Upon waking in Chicago to head west on Route 66, the weather was perfect. Not one cloud in the sky and a cool breeze broke through the 78 degree temperatures. It didn’t take long to hit our first Rt. 66 landmark—one that has since been moved. Bunyon’s Hotdogs in Cicero had a fiberglass roadside giant standing on the side of its joint. The square-jawed Paul was cradling a giant hotdog, paint faded and peeling in the heat. Bunyon’s closed down and the giant moved to Atlanta, Illinois, greeting Route 66ers in the quiet downtown where not much happens anymore. However, it’s a better home for him because he is well taken care of.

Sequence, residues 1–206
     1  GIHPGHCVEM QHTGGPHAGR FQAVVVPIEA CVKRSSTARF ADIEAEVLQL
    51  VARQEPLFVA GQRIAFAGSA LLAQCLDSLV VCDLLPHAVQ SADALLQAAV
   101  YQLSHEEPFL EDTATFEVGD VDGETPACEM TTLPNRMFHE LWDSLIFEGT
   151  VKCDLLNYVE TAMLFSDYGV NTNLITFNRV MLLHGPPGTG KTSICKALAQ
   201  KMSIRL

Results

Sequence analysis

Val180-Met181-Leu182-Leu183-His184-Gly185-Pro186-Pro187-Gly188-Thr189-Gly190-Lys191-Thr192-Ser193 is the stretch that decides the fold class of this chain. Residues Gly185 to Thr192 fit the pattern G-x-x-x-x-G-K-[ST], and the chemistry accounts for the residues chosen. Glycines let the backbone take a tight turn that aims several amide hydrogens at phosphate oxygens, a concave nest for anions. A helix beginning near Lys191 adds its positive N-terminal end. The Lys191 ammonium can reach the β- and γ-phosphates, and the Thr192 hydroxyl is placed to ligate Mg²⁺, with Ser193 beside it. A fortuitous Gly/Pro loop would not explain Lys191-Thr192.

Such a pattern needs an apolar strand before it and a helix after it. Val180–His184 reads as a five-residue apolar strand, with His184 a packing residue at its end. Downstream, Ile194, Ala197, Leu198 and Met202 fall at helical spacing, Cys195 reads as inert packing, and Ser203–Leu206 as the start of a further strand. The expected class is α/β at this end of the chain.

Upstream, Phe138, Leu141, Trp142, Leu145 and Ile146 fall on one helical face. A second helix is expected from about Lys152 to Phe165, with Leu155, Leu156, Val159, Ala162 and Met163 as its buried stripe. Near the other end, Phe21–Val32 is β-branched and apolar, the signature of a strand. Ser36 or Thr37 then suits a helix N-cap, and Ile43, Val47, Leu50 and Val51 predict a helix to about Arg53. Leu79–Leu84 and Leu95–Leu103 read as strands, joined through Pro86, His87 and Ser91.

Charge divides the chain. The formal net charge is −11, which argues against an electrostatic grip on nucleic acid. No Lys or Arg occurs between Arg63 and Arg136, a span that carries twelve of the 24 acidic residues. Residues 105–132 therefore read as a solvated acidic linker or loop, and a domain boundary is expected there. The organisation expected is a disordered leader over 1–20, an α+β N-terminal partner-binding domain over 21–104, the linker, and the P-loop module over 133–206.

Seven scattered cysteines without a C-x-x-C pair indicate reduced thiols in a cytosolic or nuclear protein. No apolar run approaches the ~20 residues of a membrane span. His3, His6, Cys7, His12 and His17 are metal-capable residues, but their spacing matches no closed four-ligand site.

When I stopped at the Dixie’s Trucker’s Home in 2011, I wrote the following:
Dixie Truckers Home, a gas station and diner where drivers of all sorts found a cup of coffee strong enough to punch you in the face and food like momma made, was started in 1928 by J.P. Walters and his son-in-law John Geske. In 1967, John’s daughter C.J. and her husband Chuck Beeler took over the place. As C.J. recalled in the Illinois Times, “Dixie was not really much when it started. My dad and grandfather bought this old mechanic’s garage right on 66. Only used about a quarter of the space, and there wasn’t really a restaurant then–just six counter stools for people to sit while they got something to eat…. The very early years were the Depression years, from ’29 to ’33. I don’t really remember much about those times, except I know beggars would come to the back door of the kitchen to get something to eat. Hobos got off the train that went close by, and they knew they could always get something. My mother would never turn them away.”